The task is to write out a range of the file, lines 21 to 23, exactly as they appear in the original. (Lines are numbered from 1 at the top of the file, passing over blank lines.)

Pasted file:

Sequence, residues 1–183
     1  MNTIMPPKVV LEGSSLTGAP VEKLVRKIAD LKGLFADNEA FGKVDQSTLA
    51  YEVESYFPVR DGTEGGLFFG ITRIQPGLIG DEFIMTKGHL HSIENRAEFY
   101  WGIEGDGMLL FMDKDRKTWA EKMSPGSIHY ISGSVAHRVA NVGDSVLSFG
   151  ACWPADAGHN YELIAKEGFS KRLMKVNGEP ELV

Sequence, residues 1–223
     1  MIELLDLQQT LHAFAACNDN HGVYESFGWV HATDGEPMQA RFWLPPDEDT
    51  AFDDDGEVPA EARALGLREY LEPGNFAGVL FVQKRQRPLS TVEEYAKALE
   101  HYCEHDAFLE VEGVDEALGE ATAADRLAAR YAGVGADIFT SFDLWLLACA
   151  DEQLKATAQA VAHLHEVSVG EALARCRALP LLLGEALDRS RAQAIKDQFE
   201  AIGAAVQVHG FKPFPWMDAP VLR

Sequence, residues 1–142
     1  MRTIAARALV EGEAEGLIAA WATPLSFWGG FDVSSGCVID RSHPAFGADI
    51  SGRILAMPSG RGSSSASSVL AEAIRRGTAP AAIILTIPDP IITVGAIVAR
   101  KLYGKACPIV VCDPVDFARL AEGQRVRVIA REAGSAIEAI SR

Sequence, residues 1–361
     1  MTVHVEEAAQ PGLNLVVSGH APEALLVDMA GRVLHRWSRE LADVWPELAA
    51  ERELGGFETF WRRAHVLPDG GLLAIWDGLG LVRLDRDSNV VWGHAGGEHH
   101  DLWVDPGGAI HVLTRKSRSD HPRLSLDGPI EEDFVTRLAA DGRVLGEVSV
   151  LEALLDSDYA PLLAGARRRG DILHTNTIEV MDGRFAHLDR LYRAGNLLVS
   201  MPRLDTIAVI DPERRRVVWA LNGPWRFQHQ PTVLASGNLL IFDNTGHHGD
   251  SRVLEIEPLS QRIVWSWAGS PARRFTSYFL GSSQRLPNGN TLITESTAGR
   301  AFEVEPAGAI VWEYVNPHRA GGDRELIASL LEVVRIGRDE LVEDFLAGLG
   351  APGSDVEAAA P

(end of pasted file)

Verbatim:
   201  MPRLDTIAVI DPERRRVVWA LNGPWRFQHQ PTVLASGNLL IFDNTGHHGD
   251  SRVLEIEPLS QRIVWSWAGS PARRFTSYFL GSSQRLPNGN TLITESTAGR
   301  AFEVEPAGAI VWEYVNPHRA GGDRELIASL LEVVRIGRDE LVEDFLAGLG